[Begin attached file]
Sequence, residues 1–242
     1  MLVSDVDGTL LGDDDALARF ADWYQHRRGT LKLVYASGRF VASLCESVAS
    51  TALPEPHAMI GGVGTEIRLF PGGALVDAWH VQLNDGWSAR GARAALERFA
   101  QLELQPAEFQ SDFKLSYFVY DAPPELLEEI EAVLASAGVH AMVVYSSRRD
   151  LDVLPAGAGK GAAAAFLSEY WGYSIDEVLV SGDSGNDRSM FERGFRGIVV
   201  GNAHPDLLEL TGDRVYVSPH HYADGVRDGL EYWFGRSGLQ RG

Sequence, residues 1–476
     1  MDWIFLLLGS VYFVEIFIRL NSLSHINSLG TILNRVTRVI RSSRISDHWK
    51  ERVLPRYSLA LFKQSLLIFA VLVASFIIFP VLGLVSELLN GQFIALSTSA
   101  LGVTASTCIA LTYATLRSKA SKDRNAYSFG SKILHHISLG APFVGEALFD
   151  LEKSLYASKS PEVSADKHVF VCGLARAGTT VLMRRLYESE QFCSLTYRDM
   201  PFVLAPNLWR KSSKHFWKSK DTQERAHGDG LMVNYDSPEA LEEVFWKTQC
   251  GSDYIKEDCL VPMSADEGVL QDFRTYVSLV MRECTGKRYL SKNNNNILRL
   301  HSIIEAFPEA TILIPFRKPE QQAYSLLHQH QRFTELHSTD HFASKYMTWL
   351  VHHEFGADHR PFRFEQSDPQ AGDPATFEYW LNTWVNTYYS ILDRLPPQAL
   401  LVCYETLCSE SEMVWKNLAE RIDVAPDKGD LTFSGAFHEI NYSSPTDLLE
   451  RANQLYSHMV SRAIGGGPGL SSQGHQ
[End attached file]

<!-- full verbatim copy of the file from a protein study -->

Sequence, residues 1–242
     1  MLVSDVDGTL LGDDDALARF ADWYQHRRGT LKLVYASGRF VASLCESVAS
    51  TALPEPHAMI GGVGTEIRLF PGGALVDAWH VQLNDGWSAR GARAALERFA
   101  QLELQPAEFQ SDFKLSYFVY DAPPELLEEI EAVLASAGVH AMVVYSSRRD
   151  LDVLPAGAGK GAAAAFLSEY WGYSIDEVLV SGDSGNDRSM FERGFRGIVV
   201  GNAHPDLLEL TGDRVYVSPH HYADGVRDGL EYWFGRSGLQ RG

Sequence, residues 1–476
     1  MDWIFLLLGS VYFVEIFIRL NSLSHINSLG TILNRVTRVI RSSRISDHWK
    51  ERVLPRYSLA LFKQSLLIFA VLVASFIIFP VLGLVSELLN GQFIALSTSA
   101  LGVTASTCIA LTYATLRSKA SKDRNAYSFG SKILHHISLG APFVGEALFD
   151  LEKSLYASKS PEVSADKHVF VCGLARAGTT VLMRRLYESE QFCSLTYRDM
   201  PFVLAPNLWR KSSKHFWKSK DTQERAHGDG LMVNYDSPEA LEEVFWKTQC
   251  GSDYIKEDCL VPMSADEGVL QDFRTYVSLV MRECTGKRYL SKNNNNILRL
   301  HSIIEAFPEA TILIPFRKPE QQAYSLLHQH QRFTELHSTD HFASKYMTWL
   351  VHHEFGADHR PFRFEQSDPQ AGDPATFEYW LNTWVNTYYS ILDRLPPQAL
   401  LVCYETLCSE SEMVWKNLAE RIDVAPDKGD LTFSGAFHEI NYSSPTDLLE
   451  RANQLYSHMV SRAIGGGPGL SSQGHQ